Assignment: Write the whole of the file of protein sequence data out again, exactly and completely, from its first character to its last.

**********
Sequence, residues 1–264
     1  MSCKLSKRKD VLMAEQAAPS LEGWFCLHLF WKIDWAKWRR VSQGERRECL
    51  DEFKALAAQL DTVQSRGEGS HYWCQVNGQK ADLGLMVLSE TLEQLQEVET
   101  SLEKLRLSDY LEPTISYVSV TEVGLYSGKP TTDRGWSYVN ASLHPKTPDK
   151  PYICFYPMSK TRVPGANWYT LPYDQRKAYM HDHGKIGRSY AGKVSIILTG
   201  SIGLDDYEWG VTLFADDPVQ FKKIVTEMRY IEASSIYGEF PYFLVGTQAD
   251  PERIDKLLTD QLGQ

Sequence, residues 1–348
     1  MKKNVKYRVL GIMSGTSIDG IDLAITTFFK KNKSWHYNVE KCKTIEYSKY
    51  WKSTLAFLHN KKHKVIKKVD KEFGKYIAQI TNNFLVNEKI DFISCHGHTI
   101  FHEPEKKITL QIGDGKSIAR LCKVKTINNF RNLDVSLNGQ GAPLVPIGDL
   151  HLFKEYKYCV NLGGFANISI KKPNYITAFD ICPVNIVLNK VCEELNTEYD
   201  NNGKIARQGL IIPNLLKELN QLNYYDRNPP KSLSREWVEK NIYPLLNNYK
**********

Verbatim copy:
Sequence, residues 1–264
     1  MSCKLSKRKD VLMAEQAAPS LEGWFCLHLF WKIDWAKWRR VSQGERRECL
    51  DEFKALAAQL DTVQSRGEGS HYWCQVNGQK ADLGLMVLSE TLEQLQEVET
   101  SLEKLRLSDY LEPTISYVSV TEVGLYSGKP TTDRGWSYVN ASLHPKTPDK
   151  PYICFYPMSK TRVPGANWYT LPYDQRKAYM HDHGKIGRSY AGKVSIILTG
   201  SIGLDDYEWG VTLFADDPVQ FKKIVTEMRY IEASSIYGEF PYFLVGTQAD
   251  PERIDKLLTD QLGQ

Sequence, residues 1–348
     1  MKKNVKYRVL GIMSGTSIDG IDLAITTFFK KNKSWHYNVE KCKTIEYSKY
    51  WKSTLAFLHN KKHKVIKKVD KEFGKYIAQI TNNFLVNEKI DFISCHGHTI
   101  FHEPEKKITL QIGDGKSIAR LCKVKTINNF RNLDVSLNGQ GAPLVPIGDL
   151  HLFKEYKYCV NLGGFANISI KKPNYITAFD ICPVNIVLNK VCEELNTEYD
   201  NNGKIARQGL IIPNLLKELN QLNYYDRNPP KSLSREWVEK NIYPLLNNYK